FROM ARCVIEW 3.0
You can join a table to the active table based on the values of a common field found in both tables. Join establishes a one-to-one or many-to-one relationship between the destination table (the active table) and the source table (the table you are joining into the active table). Typically, the source table contains descriptive attributes of features that you wish to join into a theme's table so that you can symbolize, label, query and analyze the features in the theme using the data from your source table.
To join two tables
The table that is active when you choose Join is the destination table. The last table that was active is the source table.
You have a dBASE file containing business data for each state in the US. To display this data on a view:
You have access to land parcel data in a database sever such as Oracle or Ingres. To retrieve tax code records from this database and display them on a view:
Choosing a common field for the join
Tables are joined based on a field that is found in both tables. The name of the field does not have to be the same in both tables, but the data type has to be the same. You can join numbers to numbers, strings to strings, booleans to booleans and dates to dates.
In the first example above, a field in both tables containing the state name could be used as the common field for the join. A field containing the FIPS code or the postal abbreviation for the state could also be used.
In the second example above, a field containing the land parcel number could be used as the common field.
Any field can be chosen as the basis for a join, not just ones that uniquely identify geographic features. Fields storing attributes like parcel owner name, vegetation type, building materials, population size, etc. can be used too. For example, you might have a source table containing detailed information about different types of vegetation, and a theme table with a vegetation type field. You could join the tables together based on vegetation type so that the detailed information about the vegetation can be displayed on the view.
I've set everything up but why is the Join option still dimmed out?
The Join option remains dimmed out if the source table already contains a join. For example, if you have a table detailing a soil classification, and you join a table containing vegetation types into it, and then try and join the soil classification table into another table, the Join option will remain dimmed out.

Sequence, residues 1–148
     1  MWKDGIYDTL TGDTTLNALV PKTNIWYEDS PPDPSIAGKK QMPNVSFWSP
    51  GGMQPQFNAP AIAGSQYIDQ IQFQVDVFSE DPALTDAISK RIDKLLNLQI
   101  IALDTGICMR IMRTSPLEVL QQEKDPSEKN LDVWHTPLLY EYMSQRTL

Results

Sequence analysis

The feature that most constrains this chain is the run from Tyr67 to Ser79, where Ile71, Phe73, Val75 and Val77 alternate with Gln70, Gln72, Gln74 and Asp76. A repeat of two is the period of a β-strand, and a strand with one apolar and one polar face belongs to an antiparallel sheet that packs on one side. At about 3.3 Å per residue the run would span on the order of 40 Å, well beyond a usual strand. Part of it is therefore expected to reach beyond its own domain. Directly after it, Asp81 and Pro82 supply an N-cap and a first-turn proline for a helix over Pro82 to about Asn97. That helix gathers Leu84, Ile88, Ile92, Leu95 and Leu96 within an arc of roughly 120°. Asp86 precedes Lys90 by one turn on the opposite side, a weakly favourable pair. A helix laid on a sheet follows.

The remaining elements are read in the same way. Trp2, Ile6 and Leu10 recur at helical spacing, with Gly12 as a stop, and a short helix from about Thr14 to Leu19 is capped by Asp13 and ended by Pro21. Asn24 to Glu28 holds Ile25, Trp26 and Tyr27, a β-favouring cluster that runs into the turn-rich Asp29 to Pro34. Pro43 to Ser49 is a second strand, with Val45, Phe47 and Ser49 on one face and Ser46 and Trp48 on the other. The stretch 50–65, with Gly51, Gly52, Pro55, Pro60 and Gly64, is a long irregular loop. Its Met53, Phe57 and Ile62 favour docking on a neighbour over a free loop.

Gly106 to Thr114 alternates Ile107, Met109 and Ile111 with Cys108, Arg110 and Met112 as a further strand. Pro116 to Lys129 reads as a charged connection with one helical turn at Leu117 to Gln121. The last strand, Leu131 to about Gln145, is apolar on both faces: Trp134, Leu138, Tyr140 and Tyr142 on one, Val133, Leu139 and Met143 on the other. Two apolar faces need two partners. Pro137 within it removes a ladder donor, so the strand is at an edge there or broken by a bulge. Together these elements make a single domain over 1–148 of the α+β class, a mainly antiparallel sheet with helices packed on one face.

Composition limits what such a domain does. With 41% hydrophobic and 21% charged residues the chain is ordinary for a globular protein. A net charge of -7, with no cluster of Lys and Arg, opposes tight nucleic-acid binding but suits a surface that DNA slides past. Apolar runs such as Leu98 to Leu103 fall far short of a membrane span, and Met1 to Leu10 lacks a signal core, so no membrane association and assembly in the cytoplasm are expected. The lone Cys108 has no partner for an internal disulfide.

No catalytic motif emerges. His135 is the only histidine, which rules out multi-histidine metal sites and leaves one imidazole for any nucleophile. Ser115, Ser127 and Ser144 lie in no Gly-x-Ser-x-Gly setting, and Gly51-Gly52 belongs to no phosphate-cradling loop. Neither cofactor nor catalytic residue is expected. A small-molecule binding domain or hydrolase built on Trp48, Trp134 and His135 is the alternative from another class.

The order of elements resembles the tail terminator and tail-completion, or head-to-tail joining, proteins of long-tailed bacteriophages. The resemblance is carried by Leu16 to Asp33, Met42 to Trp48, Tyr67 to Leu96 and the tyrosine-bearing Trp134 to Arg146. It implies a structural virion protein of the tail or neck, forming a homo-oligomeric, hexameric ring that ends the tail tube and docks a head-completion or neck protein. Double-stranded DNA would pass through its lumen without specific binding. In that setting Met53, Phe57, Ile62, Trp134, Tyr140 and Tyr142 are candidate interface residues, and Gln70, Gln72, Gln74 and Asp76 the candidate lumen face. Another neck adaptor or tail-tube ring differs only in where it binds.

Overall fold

To see if your source table already contains a join, make it active and look at the Remove All Joins option in the Table menu. If Remove All Joins is not dimmed out, your source table does contain one or more joins.
To perform a join in this situation you can either choose Remove All Joins to remove any existing join(s) from your source table and then do the join or export the source table into a new table, add that table into your project, and then do the join. The latter option is more useful than the first because it ensures that all the data in your original table is joined to the destination table.
The destination table (the table that is active when you choose Join) can contain existing joins.
If you join two theme attribute tables together using their Shape field as the common field, ArcView automatically bases the join on the spatial relationship between the features in the two themes. See Spatial join.
Editing joined data
When editing a joined table, you can only edit the fields in the destination table. Edits to the fields from source tables must be performed directly on those tables. You can then use Refresh from the Table menu to show the changes in the joined table.
How are joins saved?
When you save a project containing a join, ArcView saves the definition of the join rather than saving the joined data itself. The next time you open the project, ArcView rejoins any joined tables by reading their files from disk or re-executing the SQL queries they are based on. In this way, any changes to the source or destination tables that have taken place since they were last joined are automatically included in the project, and reflected in any views, tables, charts or layouts based on the joined data.
Because joining tables has no effect on their physical files on disk, you don't need to have write permission to files to be able to join them in ArcView. For example, if you are working with themes representing geographic data accessed across your network from a remote, read-only GIS database, you can still join your own data tables to these themes and work with your data spatially.
If you want to make a new table on disk to permanently store the joined data, you choose Export from the Table menu. You would do this, for example, if you wanted to use the table in another application.
To remove joined fields from a table you are working on, choose Remove All Joins from the Table menu.
When to "link" tables instead of joining them
Join establishes a one-to-one or many-to-one relationship between the destination table and the source table. However in some situations you may want to establish a one-to-many relationship between the destination table and the source table.
An example of a one-to-many relationship is building occupancy. One building, such as a shopping center, may be occupied by many tenants. You may want to join a source table of tenants to the attribute table of a theme representing buildings. However, if you perform this join ArcView will find the first tenant belonging to each building, but ignore additional tenants. In these cases, you should link the tables instead of joining them. See Linking tables.